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BC-IA--Iowa Weekend Exchange Digest, IA

October 9, 2018

AP-Iowa stories for Oct. 13 and Oct. 14. Members using Exchange stories should retain bylines and newspaper credit lines. If you have questions, please contact the desk at 515-243-3281.

For use Saturday, Oct. 13, and thereafter.


SAVANNA, Iowa — The Lost Mound Unit, formerly the Savanna Army Depot, is an old depot property an hour north of the Quad-Cities bequeathed to the Refuge when the Army shipped out about 15 years ago. It contains a bunch of little surprises, rolled into one. What a treat it would be to help manage the old prairie’s return — if only the bombs weren’t hiding underfoot. During World War II, Savanna was the largest munitions storage base in the country. An untold number of unexploded ordnance never was accounted for. By Barb Ickes, The Quad-City Times. SENT IN ADVANCE: 1,860 words.


GUTTENBERG, Iowa — At Guttenberg Creativity Center, creative expression is the key to almost everything. It is the main feature at the facility, where children come after school for free art workshops. It also is a fundraising mechanism for the center, with proceeds from sold art pieces and organized events used to purchase art supplies for the kids. More than anything, Cindy Olsen believes that creative expression is essential to developing any healthy life. That’s why she founded the center 10 years ago. By John Kruse, Telegraph Herald. SENT IN ADVANCE: 460 words.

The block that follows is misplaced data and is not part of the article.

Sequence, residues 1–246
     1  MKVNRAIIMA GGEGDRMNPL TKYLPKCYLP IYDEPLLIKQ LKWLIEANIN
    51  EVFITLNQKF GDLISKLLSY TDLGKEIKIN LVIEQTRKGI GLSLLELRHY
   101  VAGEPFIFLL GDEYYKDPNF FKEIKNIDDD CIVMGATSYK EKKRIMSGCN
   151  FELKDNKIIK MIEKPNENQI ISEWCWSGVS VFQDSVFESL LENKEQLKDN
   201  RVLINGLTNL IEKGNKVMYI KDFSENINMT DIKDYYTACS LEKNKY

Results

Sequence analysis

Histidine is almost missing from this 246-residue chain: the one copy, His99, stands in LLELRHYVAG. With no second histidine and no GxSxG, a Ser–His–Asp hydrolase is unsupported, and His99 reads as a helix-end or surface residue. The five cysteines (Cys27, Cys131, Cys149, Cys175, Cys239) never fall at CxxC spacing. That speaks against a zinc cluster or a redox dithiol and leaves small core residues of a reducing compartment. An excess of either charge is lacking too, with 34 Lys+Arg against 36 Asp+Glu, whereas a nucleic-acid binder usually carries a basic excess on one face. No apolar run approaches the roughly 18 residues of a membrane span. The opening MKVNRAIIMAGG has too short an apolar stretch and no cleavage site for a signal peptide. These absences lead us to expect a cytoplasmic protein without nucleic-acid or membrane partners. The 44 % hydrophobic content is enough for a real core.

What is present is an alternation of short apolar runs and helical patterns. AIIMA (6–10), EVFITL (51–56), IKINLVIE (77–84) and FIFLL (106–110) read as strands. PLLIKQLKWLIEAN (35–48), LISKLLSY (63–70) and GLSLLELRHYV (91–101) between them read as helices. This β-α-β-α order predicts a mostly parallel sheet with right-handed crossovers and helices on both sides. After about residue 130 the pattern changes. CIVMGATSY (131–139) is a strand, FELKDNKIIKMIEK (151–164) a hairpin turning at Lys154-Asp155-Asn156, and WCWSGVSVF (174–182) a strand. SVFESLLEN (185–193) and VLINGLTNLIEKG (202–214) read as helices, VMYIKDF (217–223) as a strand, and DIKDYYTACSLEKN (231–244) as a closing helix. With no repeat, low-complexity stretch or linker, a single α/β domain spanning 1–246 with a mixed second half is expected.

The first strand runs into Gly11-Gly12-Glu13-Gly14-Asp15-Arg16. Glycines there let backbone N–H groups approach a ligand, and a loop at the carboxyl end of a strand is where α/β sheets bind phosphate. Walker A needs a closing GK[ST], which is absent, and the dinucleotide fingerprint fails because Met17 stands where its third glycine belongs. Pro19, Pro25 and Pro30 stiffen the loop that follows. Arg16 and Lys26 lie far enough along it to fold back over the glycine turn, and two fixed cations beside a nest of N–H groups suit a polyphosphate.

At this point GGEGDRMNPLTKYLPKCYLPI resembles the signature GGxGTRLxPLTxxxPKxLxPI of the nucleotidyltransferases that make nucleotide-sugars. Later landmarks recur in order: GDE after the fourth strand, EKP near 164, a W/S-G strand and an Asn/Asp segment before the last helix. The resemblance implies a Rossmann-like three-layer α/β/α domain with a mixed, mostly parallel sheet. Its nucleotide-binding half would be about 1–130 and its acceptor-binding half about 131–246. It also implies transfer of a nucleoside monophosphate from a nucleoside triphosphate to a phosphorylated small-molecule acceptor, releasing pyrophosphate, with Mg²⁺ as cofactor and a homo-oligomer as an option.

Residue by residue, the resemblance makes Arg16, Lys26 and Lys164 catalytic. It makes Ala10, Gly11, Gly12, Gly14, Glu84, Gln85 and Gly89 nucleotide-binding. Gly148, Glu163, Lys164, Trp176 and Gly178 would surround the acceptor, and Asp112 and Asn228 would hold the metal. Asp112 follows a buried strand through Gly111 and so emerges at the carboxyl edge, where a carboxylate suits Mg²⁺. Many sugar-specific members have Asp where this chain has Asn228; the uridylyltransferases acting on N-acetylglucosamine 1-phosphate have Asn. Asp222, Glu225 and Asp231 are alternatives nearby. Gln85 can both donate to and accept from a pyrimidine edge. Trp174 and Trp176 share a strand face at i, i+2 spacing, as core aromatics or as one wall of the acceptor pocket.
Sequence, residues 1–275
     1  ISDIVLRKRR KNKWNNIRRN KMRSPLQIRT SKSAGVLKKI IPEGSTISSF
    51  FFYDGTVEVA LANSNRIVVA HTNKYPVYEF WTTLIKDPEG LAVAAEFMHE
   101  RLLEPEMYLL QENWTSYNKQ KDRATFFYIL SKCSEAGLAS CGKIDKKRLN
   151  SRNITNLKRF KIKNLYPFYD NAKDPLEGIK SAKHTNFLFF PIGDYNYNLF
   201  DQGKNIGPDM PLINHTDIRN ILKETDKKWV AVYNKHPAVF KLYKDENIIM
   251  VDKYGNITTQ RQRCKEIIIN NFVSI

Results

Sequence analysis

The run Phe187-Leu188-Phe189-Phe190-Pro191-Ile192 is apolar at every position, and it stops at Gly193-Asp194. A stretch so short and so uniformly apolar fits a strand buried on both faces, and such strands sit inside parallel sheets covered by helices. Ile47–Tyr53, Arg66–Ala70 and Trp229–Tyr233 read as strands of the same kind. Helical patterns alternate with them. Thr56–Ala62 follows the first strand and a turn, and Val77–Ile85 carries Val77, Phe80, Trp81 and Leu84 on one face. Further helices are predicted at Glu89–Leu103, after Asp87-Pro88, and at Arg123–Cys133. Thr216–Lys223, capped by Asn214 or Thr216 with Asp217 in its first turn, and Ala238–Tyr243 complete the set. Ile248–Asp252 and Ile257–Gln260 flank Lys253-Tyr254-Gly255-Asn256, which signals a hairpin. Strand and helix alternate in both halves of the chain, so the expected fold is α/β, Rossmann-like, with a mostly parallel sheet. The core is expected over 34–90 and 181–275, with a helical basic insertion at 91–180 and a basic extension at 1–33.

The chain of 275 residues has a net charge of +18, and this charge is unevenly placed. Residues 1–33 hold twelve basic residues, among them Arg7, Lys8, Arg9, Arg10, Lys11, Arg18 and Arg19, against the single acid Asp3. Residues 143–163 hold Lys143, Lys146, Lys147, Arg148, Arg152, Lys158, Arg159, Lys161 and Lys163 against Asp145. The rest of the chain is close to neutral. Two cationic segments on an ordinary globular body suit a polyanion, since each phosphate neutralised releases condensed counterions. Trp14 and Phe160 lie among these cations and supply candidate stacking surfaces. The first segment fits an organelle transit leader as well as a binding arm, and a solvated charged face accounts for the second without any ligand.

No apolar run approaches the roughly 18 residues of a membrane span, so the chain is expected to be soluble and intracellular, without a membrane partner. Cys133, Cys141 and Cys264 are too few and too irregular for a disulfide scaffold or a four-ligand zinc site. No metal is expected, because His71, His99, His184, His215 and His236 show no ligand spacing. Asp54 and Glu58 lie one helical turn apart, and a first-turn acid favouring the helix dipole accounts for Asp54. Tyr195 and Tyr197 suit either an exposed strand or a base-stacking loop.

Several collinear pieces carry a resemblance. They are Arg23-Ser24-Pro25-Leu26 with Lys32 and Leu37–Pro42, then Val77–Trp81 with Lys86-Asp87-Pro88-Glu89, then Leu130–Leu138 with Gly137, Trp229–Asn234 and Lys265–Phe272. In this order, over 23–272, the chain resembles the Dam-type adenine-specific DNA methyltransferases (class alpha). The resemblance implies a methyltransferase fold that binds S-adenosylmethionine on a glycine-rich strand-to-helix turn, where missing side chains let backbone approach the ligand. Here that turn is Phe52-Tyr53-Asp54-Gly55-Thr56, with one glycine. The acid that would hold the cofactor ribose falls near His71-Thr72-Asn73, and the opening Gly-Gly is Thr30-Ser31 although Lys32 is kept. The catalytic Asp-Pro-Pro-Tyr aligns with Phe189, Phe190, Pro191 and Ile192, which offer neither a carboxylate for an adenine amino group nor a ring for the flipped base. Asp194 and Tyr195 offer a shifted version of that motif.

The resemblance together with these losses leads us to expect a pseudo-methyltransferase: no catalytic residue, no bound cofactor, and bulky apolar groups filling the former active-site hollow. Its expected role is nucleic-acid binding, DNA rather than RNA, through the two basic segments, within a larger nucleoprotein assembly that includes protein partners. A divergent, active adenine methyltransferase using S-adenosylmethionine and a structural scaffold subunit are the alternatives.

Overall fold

For use Sunday, Oct. 14, and thereafter.


MARSHALLTOWN, Iowa — A cemetery may serve as a holding ground for the deceased, but for Bob Terry of Liscomb, cemeteries hum with life. Since the 1970s, he has repaired and restored headstones locally and throughout the United States. In 2007, his efforts expanded to include cemetery mapping for both commercial and private entities. He has been profiled in countless publications and on television shows, eager to share his insights into this unusual field. Any given week, Terry and his crew may find themselves mapping out a rural cemetery in Iowa, then traveling to Ohio to clean headstones that have suffered vandalism. The Terrys have few contemporaries. By Sara Jordan-Heintz, Times-Republican. SENT IN ADVANCE: 820 words.


JEFFERSON, Iowa — This north-central Iowa town of about 4,200 people faces many of the problems other rural communities face: Shrinking population, deteriorating downtowns, aging homes and consolidating schools. But a unique agreement with a Des Moines technology consultant could change its future — and possibly provide a model for revitalizing other rural Iowa communities. Pillar Technology plans to open a $1.7 million office in Jefferson and hire up to 30 workers. Jefferson, in turn, will build a new career academy that begins an intensive student software development training program that feeds the company’s workforce pipeline. By Donnelle Eller, Des Moines Register. SENT IT ADVANCE: 1,740 words.

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